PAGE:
An antimicrobial chemical called triclosan is abundant in dust—and linked to changes in its genetic makeup, according to a new study. The result is dust with organisms that could cause an antibiotic-resistant infection.
“There is this conventional wisdom that says everything that’s in dust is dead, but that’s not actually the case. There are things living in there,” says study leader Erica Hartmann, an assistant professor of environmental engineering in the McCormick School of Engineering at Northwestern University. “Dust is the final resting place of everything that’s been circulating in the air, so it can give us information about air quality.”
Hartmann’s study compared dust samples collected from 42 athletic facilities in the Pacific Northwest region. (Hartmann selected athletics facilities because people tend to make intimate contact with the floor, mats, and equipment and use antimicrobial wipes to cleanse these areas before and after exercising.) Her team looked at the bacteria present in dust, specifically examining the bacteria’s genes.
In dust with higher concentrations of triclosan, the researchers found higher abundances of genetic markers indicating antibiotic resistance. “Those genes do not code for resistance to triclosan,” Hartmann clarifies. “They code for resistance to medically relevant antibiotic drugs.”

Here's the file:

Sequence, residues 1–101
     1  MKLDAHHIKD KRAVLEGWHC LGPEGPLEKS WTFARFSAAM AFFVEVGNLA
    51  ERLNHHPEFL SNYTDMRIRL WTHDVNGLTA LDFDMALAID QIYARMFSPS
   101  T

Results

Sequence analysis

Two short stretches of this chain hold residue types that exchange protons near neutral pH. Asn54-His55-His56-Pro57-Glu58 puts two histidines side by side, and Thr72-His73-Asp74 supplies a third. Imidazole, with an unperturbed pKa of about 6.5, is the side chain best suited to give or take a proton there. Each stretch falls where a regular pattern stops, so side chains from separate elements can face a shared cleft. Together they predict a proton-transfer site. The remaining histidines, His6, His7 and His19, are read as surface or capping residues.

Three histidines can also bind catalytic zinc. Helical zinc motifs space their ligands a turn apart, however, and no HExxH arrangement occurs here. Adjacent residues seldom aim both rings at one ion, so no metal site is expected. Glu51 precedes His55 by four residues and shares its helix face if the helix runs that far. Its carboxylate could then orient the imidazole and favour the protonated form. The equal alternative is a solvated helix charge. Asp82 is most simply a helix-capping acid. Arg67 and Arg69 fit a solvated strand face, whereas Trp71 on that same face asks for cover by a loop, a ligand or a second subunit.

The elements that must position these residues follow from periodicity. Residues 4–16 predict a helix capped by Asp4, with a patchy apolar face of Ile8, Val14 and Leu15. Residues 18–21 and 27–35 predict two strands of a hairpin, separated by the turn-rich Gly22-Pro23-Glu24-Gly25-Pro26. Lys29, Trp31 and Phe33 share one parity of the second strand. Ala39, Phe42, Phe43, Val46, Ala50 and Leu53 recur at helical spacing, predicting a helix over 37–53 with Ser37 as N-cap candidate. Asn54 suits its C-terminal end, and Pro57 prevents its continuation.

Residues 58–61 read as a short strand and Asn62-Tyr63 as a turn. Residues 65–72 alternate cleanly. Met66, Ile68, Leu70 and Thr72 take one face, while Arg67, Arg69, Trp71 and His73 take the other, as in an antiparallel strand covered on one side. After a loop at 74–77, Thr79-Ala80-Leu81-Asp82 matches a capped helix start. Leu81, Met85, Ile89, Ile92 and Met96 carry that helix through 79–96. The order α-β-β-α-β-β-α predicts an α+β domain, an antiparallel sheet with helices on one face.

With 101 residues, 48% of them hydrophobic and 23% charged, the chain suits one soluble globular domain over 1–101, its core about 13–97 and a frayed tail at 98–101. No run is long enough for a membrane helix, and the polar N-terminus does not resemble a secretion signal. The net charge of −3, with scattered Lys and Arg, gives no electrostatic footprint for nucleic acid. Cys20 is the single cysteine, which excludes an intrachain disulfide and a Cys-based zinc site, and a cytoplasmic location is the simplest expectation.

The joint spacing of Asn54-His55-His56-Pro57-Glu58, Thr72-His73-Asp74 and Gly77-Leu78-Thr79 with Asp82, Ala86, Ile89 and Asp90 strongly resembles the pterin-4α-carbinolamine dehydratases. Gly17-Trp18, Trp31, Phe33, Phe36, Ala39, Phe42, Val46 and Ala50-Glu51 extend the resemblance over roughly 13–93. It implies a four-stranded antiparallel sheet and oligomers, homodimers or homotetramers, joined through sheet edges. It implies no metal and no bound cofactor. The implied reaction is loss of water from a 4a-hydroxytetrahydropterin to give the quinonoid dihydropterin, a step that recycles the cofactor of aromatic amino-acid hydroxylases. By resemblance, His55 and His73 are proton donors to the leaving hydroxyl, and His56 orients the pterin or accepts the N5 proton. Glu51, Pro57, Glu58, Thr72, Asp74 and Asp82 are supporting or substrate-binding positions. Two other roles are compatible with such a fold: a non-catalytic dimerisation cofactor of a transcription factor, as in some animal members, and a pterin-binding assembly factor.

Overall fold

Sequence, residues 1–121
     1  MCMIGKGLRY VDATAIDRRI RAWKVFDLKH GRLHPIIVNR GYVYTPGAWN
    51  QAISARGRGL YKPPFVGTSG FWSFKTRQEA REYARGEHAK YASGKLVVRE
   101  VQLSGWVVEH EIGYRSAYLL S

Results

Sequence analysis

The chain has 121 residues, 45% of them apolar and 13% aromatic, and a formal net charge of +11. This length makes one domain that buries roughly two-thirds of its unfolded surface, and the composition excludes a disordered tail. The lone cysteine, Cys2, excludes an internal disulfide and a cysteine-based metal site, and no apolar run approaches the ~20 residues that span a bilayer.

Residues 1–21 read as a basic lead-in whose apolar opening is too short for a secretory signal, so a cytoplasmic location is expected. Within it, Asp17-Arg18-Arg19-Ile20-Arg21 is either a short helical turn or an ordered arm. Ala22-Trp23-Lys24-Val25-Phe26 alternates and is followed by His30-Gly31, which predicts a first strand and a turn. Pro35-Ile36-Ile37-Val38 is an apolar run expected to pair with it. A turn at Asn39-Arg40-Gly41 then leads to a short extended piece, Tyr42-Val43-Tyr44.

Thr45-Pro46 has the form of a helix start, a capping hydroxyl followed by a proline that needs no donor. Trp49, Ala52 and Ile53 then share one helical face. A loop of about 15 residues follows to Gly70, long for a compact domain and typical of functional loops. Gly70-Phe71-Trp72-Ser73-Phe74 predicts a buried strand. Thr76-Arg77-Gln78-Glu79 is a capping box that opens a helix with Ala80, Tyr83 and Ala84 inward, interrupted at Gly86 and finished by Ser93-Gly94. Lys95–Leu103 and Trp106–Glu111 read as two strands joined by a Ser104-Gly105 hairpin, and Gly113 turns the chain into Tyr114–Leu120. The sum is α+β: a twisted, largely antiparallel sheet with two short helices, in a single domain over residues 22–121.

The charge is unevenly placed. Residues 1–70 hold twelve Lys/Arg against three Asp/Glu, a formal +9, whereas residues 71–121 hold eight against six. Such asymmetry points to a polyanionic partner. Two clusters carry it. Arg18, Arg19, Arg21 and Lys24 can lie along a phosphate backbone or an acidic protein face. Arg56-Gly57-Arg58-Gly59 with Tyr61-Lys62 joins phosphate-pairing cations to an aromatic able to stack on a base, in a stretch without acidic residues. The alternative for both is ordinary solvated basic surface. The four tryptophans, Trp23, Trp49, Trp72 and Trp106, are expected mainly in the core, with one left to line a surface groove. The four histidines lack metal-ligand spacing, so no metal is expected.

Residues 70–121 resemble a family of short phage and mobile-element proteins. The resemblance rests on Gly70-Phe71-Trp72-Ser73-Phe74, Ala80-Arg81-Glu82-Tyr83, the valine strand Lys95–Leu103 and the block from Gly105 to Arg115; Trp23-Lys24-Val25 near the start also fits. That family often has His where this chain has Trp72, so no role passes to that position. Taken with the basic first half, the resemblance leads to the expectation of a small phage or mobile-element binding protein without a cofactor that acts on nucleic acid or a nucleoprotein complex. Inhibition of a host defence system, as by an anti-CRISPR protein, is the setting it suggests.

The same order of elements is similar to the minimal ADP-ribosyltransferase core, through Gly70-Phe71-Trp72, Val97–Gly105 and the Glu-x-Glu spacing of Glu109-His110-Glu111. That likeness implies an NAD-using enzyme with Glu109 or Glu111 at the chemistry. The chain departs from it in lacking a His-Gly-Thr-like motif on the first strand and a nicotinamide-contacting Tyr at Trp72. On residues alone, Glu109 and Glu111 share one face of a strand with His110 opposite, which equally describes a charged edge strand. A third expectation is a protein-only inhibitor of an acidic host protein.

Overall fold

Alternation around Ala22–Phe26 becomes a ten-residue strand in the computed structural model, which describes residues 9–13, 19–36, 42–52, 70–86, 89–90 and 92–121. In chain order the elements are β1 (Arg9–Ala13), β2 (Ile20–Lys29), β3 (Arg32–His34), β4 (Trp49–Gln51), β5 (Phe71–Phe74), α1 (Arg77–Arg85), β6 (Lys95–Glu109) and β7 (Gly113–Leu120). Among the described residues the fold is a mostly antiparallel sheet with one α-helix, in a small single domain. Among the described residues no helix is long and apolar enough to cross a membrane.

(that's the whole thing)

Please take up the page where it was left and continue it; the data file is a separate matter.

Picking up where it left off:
Up until 2017, manufacturers commonly added triclosan to antibacterial hand soaps and cleaning solutions. The Federal Drug Administration (FDA) banned triclosan in 2016, after discovering several dangerous side effects, including its potential to interfere with the human endocrine system. But even though it is no longer present in hand soaps and the antibacterial wipes that people often use at the gym, triclosan is still in toothpaste and many unlabeled consumer products.
“There are many products with triclosan that are not labeled because they are within the purview of the EPA instead of the FDA,” Hartmann says. “These things might include antimicrobial gym equipment, such as yoga mats and textiles.”
Antibiotic resistance is an enormous threat to public health. According to the Centers for Disease Control and Prevention, nearly 25,000 people in the United States die each year from antibiotic-resistant infections. Triclosan has been banned, but soaps and cleansers still contain other antimicrobial chemicals, including benzalkonium chloride, which Hartmann’s team is now studying to see if it has a similar effect on dust.
Hartmann believes we could ease the problem of antibiotic-resistant bugs by letting go of antimicrobial products.
“The vast majority of microbes around us aren’t bad and may even be good,” she says. “Wipe down gym equipment with a towel. Wash your hands with plain soap and water. There is absolutely no reason to use antibacterial cleansers and hand soaps.”
The study appears in the journal mSystems.
This work took place in partnership with the Biology and the Build Environmental Center at the University of Oregon. The Alfred P. Sloan Foundation partially supported the study.
Source: Amanda Morris for Northwestern University